In Search of Calcifications

Histologic Analysis and Diagnostic Yield of Stereotactic Core Needle Breast Biopsies

Fazilet Yilmaz, MD; Sean M. Hacking, MB, BCh, BAO; Linda Donegan, MD; Lijuan Wang, MD; Evgeny Yakirevich, MD; Yihong Wang, MD, PhD


Am J Clin Pathol. 2023;160(2):200-209. 

In This Article

Abstract and Introduction


Objectives: Stereotactic core needle biopsy (SCNB) is used in the diagnostic assessment of suspicious mammographic calcifications to rule out breast ductal carcinoma in situ (DCIS). With advances in imaging technology and increased biopsy tissue volume, the detection rate of calcifications and DCIS in SCNB is unclear.

Methods: This retrospective study included 916 consecutive SCNBs for calcifications performed on 893 patients in a 2-year period.

Results: We found the cancer detection rate was 27.1% (DCIS, 23.7%; invasive, 3.4%). The detection rate for calcifications was 74.8% with the standard 3 levels. Additional leveling of calcification-negative cases further increased the detection of both calcifications (to 99.4% of cases) and DCIS (to 32.9% of cases). Lobular neoplasia (LN) was diagnosed in 41 cases. Twenty-five (61.0%) cases of LN were incidental without associated calcification. Of 32 invasive carcinomas detected on SCNB, 87.5% were T1a or less, and calcifications were associated with atypical ductal hyperplasia/DCIS or LCIS. The common benign lesions associated with calcifications were fibrocystic change (32.5%), fibroadenomatous change (30.2%), and columnar cell change and hyperplasia (8.2%).

Conclusions: We determined the up-to-date detection rates of calcification and DCIS in SCNB, as well as the common benign and malignant breast lesions associated with calcifications. Additional levels significantly increase the detection rate when standard levels show only stromal or scant/absent calcifications. Lobular neoplasia is often an incidental finding in SCNB for calcifications. When calcifications are present with LN, they are commonly florid, pleomorphic LCIS, or with concurrent invasive carcinoma.


Stereotactic core needle biopsy (SCNB) is mainly used for mammographic detected suspicious calcifications to rule out ductal carcinoma in situ (DCIS). The diagnostic yield from the standard initial histologic sections is an unanswered question, and the literature is very scant. The most recent study on histologic levels' effect on detecting calcification and DCIS was decades ago.[1,2]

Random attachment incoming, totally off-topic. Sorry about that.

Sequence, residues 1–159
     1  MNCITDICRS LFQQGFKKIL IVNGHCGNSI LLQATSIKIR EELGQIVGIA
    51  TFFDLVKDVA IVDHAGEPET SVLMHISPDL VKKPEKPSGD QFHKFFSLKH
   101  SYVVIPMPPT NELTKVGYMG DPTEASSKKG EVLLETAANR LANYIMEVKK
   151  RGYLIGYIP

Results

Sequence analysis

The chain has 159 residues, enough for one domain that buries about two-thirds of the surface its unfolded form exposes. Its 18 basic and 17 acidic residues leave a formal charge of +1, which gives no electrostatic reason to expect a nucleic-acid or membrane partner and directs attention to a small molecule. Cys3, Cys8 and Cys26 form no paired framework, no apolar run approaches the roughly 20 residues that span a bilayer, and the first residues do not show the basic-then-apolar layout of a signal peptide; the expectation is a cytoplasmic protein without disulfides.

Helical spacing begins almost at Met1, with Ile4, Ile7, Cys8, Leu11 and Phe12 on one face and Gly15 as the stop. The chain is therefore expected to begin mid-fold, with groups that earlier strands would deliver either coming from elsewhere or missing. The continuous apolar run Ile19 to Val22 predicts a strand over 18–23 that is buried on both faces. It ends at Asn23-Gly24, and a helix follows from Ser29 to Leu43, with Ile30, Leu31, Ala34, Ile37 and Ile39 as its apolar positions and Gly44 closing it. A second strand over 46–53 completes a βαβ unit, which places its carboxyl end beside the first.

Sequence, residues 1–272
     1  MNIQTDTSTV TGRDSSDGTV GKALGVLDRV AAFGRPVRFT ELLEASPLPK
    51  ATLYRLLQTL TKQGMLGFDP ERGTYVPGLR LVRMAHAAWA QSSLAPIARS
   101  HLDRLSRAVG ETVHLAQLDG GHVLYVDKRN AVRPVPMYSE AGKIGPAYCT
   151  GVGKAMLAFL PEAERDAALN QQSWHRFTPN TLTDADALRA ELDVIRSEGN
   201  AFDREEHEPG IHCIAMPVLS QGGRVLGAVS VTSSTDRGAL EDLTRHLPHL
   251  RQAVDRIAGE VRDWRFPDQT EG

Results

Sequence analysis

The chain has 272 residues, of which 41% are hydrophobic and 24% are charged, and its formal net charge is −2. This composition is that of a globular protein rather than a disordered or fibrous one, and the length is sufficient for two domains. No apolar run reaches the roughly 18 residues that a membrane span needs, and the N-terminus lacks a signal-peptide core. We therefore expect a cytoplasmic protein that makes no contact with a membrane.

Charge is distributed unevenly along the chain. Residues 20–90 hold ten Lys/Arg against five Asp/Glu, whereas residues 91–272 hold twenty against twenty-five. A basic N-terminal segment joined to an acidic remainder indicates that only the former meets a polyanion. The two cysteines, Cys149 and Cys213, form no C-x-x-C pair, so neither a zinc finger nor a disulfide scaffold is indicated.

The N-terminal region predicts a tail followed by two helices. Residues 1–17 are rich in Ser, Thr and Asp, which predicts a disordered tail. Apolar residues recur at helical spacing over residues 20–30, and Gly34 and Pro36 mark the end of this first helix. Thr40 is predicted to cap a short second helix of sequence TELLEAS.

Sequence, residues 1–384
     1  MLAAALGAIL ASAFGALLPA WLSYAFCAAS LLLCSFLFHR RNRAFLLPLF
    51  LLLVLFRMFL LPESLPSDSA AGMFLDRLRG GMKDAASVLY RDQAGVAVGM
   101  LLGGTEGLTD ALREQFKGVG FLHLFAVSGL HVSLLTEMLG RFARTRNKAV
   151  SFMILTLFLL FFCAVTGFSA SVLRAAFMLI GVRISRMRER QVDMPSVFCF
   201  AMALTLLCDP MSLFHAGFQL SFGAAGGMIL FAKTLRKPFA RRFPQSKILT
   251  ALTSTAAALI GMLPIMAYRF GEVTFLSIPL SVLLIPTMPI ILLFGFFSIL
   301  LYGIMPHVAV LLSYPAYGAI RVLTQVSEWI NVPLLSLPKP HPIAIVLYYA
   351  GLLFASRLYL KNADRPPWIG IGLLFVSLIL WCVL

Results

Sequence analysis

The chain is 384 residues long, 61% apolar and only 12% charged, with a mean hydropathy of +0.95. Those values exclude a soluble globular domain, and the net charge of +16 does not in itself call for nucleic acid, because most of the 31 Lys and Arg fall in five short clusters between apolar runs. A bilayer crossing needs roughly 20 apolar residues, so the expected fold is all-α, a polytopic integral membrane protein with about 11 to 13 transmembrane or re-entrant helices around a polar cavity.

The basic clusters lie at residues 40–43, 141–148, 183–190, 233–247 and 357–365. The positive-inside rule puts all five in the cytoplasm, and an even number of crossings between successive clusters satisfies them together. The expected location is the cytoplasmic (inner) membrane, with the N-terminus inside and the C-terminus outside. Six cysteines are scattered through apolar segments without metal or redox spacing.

Over the past 20 years, imaging techniques have improved dramatically. Image resolution and detection rates have significantly increased with technological developments in tomosynthesis and magnetic resonance imaging (MRI). Stereotactic, ultrasound, and MRI-guided biopsies have improved localization and resulted in the better sampling of targeted areas. Nowadays, the 9-gauge vacuum-assisted SCNB has replaced the 14-gauge automated stereotactic biopsy, significantly increasing the amount of tissue material available for histologic analysis. Despite the significant change in the imaging and sampling technologies, studies are scant regarding performance evaluation. They need to be updated based on the current understanding of the importance of radiopathology correlation for calcifications and the rate of DCIS detection to date.[3–5]

With our institutional volume of 1,500 breast biopsies per year, we studied the histologic yield of SCNBs performed for calcification. We aimed to determine the following: (1) the vacuum-assisted biopsy yield of DCIS in the current age, (2) whether additional levels in the search for calcifications improve diagnostic accuracy and change the clinical management, and (3) the common histologic characteristics of lesions associated with calcifications.